Freshwater tidal forests and estuarine wetlands may confer early life growth advantages for delta-reared Chinook Salmon
Large river deltas are complex ecosystems that are believed to play a pivotal role in promoting the early marine growth and survival of threatened Chinook Salmon Oncorhynchus tshawytscha. We used a fish bioenergetics model to assess the functional role of multiple delta habitats across a gradient of salinities and vegetation types, where consumption and growth rate potential (GRP) were considered as proxies for habitat quality. We subsequently compared our model output to empirical, or realized, growth estimates from scale circuli. In terms of consumption, prey energy density (EDprey) was 46–86% higher in tidal freshwater forest than in any other habitat type, while estimated consumption rates (expressed as proportion of maximum daily consumption; Pcmax) were positively correlated with FL. These size‐related differences in Pcmax led to a noticeable increase along a freshwater‐to‐saline gradient from roughly 0.25 in tidal freshwater forest to 0.55 in the offshore subtidal zone, yet despite higher observed Pcmax values in nearshore and offshore habitats, the tidal freshwater forest and emergent salt marsh demonstrated the highest modeled GRP values. Similarly, realized growth rates for fish caught in tidal freshwater forest were up to 0.5% higher per day than for fish caught in the offshore area, but habitat‐level differences were overshadowed by allometry and rearing origin. Scales from unmarked fish (assumed to be of wild origin) indicated that they grew, on average, 11% faster than did hatchery fish; however, these differences were subtle and were more obvious at fork lengths <100 mm. Our results suggest that tidal forests and emergent marshes may offer early life growth advantages for wild Chinook Salmon, but that wild and hatchery fish can compensate as they move seaward by opportunistically consuming greater quantities of low‐energy density prey, taking advantage of pulses of larval forage fish, or by spending time in multiple interconnected habitat types.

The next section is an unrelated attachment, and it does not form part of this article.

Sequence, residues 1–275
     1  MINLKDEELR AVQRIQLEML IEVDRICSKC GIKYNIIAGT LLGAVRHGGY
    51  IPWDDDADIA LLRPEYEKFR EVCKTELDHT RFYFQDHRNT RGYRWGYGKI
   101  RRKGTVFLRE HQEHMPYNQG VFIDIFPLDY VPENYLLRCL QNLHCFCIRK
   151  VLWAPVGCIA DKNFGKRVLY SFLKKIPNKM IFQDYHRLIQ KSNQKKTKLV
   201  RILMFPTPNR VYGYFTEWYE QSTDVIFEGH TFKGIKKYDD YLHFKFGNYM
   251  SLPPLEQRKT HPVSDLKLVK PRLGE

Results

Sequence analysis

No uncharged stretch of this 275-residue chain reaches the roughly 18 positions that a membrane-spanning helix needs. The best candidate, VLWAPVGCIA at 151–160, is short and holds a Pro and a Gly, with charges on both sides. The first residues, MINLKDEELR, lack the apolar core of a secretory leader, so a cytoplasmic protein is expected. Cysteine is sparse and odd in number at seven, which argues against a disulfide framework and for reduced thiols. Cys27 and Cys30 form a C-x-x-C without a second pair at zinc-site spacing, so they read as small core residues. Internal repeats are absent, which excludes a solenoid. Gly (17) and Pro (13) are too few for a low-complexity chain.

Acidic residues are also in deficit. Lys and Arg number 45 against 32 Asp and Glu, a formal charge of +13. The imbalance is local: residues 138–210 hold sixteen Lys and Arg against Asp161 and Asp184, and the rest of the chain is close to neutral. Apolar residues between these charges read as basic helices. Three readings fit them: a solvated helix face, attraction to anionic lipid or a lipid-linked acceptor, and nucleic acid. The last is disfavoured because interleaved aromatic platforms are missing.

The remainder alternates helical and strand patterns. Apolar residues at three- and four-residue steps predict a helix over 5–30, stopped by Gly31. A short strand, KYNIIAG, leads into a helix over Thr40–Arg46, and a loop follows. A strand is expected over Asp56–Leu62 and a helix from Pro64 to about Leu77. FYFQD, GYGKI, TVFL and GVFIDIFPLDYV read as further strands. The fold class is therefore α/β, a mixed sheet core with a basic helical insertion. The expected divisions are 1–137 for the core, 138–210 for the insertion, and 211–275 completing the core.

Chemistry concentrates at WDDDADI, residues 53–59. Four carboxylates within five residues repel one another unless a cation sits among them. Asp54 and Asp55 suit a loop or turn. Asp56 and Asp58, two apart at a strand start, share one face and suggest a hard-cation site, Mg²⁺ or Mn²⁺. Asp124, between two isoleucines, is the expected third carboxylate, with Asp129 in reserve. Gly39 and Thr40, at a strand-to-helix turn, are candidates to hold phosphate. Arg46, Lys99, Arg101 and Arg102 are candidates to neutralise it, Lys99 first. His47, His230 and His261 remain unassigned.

|Publication Subtype||Journal Article|
|Title||Freshwater tidal forests and estuarine wetlands may confer early life growth advantages for delta-reared Chinook Salmon|
|Series title||Transactions of the American Fisheries Society|
|Publisher||American Fisheries Society|
|Contributing office(s)||Western Ecological Research Center|
|Google Analytic Metrics||Metrics page|